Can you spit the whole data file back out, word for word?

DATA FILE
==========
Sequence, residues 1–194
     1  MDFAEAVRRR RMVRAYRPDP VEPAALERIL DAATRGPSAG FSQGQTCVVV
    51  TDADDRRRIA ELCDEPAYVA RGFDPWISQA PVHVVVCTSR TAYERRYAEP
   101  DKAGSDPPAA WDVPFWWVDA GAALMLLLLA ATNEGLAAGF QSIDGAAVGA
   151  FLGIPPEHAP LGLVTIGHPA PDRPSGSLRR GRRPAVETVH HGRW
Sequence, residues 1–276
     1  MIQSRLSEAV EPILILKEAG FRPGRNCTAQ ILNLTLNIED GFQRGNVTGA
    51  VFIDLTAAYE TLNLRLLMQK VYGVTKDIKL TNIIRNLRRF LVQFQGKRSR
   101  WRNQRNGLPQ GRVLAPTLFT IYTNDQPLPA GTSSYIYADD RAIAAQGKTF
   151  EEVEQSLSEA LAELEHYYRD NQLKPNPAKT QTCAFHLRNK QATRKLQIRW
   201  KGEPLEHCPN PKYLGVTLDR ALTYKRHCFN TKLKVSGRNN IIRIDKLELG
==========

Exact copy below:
Sequence, residues 1–194
     1  MDFAEAVRRR RMVRAYRPDP VEPAALERIL DAATRGPSAG FSQGQTCVVV
    51  TDADDRRRIA ELCDEPAYVA RGFDPWISQA PVHVVVCTSR TAYERRYAEP
   101  DKAGSDPPAA WDVPFWWVDA GAALMLLLLA ATNEGLAAGF QSIDGAAVGA
   151  FLGIPPEHAP LGLVTIGHPA PDRPSGSLRR GRRPAVETVH HGRW
Sequence, residues 1–276
     1  MIQSRLSEAV EPILILKEAG FRPGRNCTAQ ILNLTLNIED GFQRGNVTGA
    51  VFIDLTAAYE TLNLRLLMQK VYGVTKDIKL TNIIRNLRRF LVQFQGKRSR
   101  WRNQRNGLPQ GRVLAPTLFT IYTNDQPLPA GTSSYIYADD RAIAAQGKTF
   151  EEVEQSLSEA LAELEHYYRD NQLKPNPAKT QTCAFHLRNK QATRKLQIRW
   201  KGEPLEHCPN PKYLGVTLDR ALTYKRHCFN TKLKVSGRNN IIRIDKLELG